Von Neumann machine
A von Neumann machine is a model created by John von Neumann for a computing machine that uses a single storage structure to hold both the set of instructions on how to perform the computation and the data required or generated by the computation. Most modern computers use this von Neumann architecture.
The term von Neumann machine also refers to the idea of a self-reproducing machine, which was first examined in a rigorous manner and popularized by John von Neumann who called it a "Universal Constructor". In principle, if a machine (for example an industrial robot) could be given enough capability, raw material and instructions then that robot could make an exact physical copy of itself. The copy would need to be programmed in order to do anything. If both robots were reprogrammable, then the original robot could be instructed to copy its program to the new robot. Both robots would now have the capability of building copies of themselves.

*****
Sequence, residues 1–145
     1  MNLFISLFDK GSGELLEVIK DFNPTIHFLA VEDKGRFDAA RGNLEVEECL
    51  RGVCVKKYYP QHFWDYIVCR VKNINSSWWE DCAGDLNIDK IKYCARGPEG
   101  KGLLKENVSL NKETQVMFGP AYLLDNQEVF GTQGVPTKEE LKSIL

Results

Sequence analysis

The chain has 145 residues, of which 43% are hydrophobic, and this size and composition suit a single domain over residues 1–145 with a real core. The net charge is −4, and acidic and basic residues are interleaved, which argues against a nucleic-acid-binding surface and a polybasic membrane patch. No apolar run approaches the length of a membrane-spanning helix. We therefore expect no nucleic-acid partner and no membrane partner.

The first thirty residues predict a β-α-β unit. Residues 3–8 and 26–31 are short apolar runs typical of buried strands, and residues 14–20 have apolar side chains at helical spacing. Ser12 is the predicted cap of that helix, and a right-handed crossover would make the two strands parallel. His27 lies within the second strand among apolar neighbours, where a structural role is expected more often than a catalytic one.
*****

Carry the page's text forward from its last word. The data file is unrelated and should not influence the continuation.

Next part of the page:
These machines could be used to explore—or sanitize—the universe. The fact that we haven't seen any from other civilizations is a contributing element of the Fermi paradox. One of the predictions of some proponents of nanotechnology is very small Von Neumann machines which, should they become out of control, would advance over the planet as a "grey goo".
Since such a machine is capable of reproduction, some would consider it a life-form.
- von Neumann architecture
- Conway's Game of Life
- Turing machine
- Random Access Machine
- von Neumann probe